On Monday, Gov. Jim Doyle presented a proposal to send desperately needed help to Wisconsin’s poorest-performing public schools. And yesterday, the state senate approved the bill, setting it up to go before the assembly sometime next week.
The measure would, among other things, allow the state superintendent to intervene in school districts landing in the bottom 5 percent of performance evaluations for four years running. Milwaukee Public Schools beware?
Some (cough, teachers union, cough) might raise a ruckus about unilateral reforms or tyrannical interference, but frankly, we’re not concerned. While we all hate Dolores Umbridge as much as the next Harry Potter fan, the plan Doyle is proposing has safeguards aplenty.
For one thing, the individual school district would have both time and options to make improvements on its own before state intervention would come into play. After one year at the bottom, a school would implement state standard curricula and improve support mechanisms for students.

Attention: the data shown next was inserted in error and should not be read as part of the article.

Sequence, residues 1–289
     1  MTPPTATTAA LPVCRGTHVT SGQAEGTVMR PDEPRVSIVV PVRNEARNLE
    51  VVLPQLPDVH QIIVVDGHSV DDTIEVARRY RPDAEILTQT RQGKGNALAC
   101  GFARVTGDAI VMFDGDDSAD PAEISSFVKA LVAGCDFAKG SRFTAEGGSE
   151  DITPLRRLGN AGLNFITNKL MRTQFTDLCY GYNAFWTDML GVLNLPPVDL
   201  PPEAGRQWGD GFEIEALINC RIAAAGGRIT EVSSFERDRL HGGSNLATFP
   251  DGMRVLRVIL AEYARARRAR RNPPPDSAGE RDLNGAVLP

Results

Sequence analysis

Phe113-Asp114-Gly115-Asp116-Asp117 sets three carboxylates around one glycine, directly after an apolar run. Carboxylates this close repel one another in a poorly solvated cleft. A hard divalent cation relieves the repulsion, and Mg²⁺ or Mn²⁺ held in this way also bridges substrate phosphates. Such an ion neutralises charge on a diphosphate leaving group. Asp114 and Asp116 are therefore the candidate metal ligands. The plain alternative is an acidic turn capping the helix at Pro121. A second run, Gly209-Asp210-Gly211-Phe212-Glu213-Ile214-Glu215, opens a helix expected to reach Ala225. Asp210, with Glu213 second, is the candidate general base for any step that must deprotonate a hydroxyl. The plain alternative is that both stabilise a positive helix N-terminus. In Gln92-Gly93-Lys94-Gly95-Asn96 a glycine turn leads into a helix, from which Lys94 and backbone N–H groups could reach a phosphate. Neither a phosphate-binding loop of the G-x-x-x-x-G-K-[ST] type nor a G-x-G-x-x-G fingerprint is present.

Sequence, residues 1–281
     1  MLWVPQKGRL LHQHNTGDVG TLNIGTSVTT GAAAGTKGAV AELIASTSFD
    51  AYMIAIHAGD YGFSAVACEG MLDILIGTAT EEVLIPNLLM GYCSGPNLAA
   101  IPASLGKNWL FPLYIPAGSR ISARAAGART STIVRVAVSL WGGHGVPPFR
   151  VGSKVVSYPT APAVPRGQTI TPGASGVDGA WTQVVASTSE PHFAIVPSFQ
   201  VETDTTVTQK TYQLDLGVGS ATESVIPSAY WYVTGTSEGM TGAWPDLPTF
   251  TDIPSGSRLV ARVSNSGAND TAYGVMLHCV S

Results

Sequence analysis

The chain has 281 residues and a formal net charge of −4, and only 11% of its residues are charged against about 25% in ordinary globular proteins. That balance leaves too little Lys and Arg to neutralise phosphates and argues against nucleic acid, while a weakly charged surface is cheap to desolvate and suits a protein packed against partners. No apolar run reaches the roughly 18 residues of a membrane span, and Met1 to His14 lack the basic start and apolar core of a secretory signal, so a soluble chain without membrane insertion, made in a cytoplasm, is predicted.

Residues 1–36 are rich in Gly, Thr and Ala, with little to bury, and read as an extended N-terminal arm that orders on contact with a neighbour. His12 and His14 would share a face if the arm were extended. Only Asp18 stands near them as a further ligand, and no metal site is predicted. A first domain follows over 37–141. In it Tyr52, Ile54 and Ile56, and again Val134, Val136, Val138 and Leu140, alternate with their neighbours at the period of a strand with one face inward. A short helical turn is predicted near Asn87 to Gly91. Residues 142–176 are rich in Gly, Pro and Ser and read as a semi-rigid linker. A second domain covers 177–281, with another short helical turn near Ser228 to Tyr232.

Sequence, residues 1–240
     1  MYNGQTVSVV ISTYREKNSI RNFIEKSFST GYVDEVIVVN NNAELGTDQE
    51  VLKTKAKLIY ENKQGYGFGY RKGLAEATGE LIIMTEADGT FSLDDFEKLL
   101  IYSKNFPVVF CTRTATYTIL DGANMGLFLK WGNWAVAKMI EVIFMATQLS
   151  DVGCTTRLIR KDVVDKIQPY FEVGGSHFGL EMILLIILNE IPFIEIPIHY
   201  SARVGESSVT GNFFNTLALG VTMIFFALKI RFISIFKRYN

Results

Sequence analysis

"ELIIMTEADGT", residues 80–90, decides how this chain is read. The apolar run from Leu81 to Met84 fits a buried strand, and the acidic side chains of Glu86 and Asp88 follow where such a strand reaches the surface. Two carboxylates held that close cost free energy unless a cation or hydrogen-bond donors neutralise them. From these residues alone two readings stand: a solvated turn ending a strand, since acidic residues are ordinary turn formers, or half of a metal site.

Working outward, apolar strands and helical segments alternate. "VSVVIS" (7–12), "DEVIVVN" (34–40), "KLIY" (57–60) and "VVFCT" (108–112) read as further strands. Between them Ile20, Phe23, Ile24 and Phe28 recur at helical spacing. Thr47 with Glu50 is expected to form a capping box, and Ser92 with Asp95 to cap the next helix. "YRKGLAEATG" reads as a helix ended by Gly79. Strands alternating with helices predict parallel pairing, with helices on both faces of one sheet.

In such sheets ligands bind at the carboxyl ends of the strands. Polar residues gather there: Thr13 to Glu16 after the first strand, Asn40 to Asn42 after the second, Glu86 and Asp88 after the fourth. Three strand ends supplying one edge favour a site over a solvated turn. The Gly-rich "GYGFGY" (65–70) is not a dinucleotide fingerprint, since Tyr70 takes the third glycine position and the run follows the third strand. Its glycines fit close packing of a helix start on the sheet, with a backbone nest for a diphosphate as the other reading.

The state would keep its big, bureaucratic nose out of things until four years had passed in the bottom 5 percent. At that point, anything, especially a little administrative beef, is probably going to be helpful.
Even after the state gets involved, the option for the formation of a local community-based board of improvements to oversee and recommend changes keeps the local population engaged in their children’s education and gives the parents and, yes, teachers a chance to speak up.
It is no secret that the measure has massive implications for the city of Milwaukee. The public school system there ranks consistently among the bottom half of the nation in performance, and in 2008, a proposal was even made to dissolve the system. Nevertheless, some insist on stonewalling progress. Rep. Annette Williams, D-Milwaukee, plans to vote no when the proposal comes before the assembly because the MPS community was not consulted.
Given the alternative of allowing a broken system to perpetuate, we recommend this proposal to keep the state’s keen eye on what has long been an eyesore — with or without the blessing of the failing districts.